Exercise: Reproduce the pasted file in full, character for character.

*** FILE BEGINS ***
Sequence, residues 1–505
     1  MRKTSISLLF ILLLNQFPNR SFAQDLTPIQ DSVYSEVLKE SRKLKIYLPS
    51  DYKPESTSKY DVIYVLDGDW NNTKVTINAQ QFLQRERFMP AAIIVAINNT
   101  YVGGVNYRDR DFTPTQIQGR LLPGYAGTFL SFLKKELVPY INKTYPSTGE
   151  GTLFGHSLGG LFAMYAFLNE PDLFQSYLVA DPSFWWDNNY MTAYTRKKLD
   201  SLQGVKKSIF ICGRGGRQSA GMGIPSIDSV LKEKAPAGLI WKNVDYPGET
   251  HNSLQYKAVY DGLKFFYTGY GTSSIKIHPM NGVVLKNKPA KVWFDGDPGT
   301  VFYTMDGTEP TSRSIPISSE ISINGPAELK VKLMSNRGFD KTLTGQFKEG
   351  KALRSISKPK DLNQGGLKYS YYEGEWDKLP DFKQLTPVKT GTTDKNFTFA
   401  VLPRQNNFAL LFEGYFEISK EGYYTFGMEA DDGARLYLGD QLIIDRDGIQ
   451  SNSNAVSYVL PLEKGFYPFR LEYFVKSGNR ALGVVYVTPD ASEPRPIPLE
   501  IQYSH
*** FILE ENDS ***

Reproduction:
Sequence, residues 1–505
     1  MRKTSISLLF ILLLNQFPNR SFAQDLTPIQ DSVYSEVLKE SRKLKIYLPS
    51  DYKPESTSKY DVIYVLDGDW NNTKVTINAQ QFLQRERFMP AAIIVAINNT
   101  YVGGVNYRDR DFTPTQIQGR LLPGYAGTFL SFLKKELVPY INKTYPSTGE
   151  GTLFGHSLGG LFAMYAFLNE PDLFQSYLVA DPSFWWDNNY MTAYTRKKLD
   201  SLQGVKKSIF ICGRGGRQSA GMGIPSIDSV LKEKAPAGLI WKNVDYPGET
   251  HNSLQYKAVY DGLKFFYTGY GTSSIKIHPM NGVVLKNKPA KVWFDGDPGT
   301  VFYTMDGTEP TSRSIPISSE ISINGPAELK VKLMSNRGFD KTLTGQFKEG
   351  KALRSISKPK DLNQGGLKYS YYEGEWDKLP DFKQLTPVKT GTTDKNFTFA
   401  VLPRQNNFAL LFEGYFEISK EGYYTFGMEA DDGARLYLGD QLIIDRDGIQ
   451  SNSNAVSYVL PLEKGFYPFR LEYFVKSGNR ALGVVYVTPD ASEPRPIPLE
   501  IQYSH